How To Make and Use a Bootable WinPE Drive

USB Flash Drives

Vista has crashed and your PC will no longer even boot up into the operating system—what to do? It turns out that your USB thumb drive can save the day. You can use what Microsoft calls UFD (for a USB flash drive) with a Windows image file (.wim) for Windows Preinstallation Environment that offers a quick-start way to access the System Recovery Options. But besides saving your skin when your PC will not boot up, this bootable drive can also do lots of other interesting things. In the pages that follow, we describe exactly how to build such a device and explore some of the useful tasks that it can accomplish.

Every copy of Windows Vista comes with installation disks or files that include a special pared-down version of the operating system, which Microsoft calls Windows Preinstallation Environment 2.0, but it is more often known as Windows PE or even WinPE.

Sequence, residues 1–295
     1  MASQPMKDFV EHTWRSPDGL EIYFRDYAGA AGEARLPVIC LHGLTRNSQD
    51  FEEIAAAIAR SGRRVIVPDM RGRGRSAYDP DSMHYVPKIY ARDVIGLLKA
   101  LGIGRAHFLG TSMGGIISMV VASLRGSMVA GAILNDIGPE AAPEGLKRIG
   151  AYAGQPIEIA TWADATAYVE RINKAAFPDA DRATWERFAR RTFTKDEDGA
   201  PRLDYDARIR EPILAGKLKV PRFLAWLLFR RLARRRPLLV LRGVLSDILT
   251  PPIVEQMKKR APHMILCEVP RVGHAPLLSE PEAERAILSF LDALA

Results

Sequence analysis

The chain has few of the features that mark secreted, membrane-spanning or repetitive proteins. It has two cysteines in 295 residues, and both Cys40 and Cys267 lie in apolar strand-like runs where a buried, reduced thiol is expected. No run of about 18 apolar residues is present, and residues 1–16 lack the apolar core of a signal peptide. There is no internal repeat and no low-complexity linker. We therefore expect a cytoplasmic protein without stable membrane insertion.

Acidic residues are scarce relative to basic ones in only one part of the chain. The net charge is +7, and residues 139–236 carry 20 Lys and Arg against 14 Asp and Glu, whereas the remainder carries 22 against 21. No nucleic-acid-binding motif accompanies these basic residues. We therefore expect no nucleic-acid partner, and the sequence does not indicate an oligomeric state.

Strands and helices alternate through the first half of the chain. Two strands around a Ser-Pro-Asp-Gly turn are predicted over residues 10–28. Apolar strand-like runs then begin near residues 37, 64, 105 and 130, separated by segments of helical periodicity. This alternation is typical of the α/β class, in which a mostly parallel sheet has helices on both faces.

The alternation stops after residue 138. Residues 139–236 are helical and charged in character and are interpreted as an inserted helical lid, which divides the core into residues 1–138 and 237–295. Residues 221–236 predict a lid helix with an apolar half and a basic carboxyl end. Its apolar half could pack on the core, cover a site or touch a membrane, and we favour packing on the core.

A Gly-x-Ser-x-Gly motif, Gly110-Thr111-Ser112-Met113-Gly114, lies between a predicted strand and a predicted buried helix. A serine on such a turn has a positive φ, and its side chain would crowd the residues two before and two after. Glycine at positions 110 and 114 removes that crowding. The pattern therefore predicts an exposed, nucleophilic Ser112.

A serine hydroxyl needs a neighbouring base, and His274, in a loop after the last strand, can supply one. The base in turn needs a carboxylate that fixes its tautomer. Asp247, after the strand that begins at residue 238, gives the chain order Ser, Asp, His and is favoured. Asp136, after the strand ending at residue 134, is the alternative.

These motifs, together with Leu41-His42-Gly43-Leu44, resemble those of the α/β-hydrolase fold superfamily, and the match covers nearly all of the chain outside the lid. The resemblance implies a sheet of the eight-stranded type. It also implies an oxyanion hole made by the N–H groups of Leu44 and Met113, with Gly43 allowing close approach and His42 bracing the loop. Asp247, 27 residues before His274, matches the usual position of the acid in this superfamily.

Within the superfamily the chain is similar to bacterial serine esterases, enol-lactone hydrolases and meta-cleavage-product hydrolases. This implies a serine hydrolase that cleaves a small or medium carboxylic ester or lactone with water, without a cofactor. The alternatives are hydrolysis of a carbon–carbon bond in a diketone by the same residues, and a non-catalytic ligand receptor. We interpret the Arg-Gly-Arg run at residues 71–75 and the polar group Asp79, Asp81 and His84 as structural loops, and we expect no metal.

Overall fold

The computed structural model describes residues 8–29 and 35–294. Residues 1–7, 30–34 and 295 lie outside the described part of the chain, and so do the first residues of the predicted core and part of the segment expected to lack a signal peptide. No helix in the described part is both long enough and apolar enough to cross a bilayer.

You may not think you’ve used WinPE before, but you probably have. When you install Windows Vista, for example, the code that enables you to load a command-line environment, as well as the Windows Recovery Environment (also known as Windows RE or WinRE), comes straight from WinPE. While Microsoft won't admit it publicly, it is the Windows Preinstallation Environment, aka WinPE, that allows one to create a bootable UFD–instead of using the more time-consuming Windows Recovery Environment, also known as WinRE.

Ed Tittel is a freelance writer, trainer, and internet consultant. His work has appeared on many sites, including Tom's Guide, Tom's Hardware, TechTarget, and more. He has also contributed to multiple books, including the "For Dummies" series, where he wrote about HTML, HTML4, XHTML, XML, and CCS. He was also series editor of the Exam Cram books until 2005.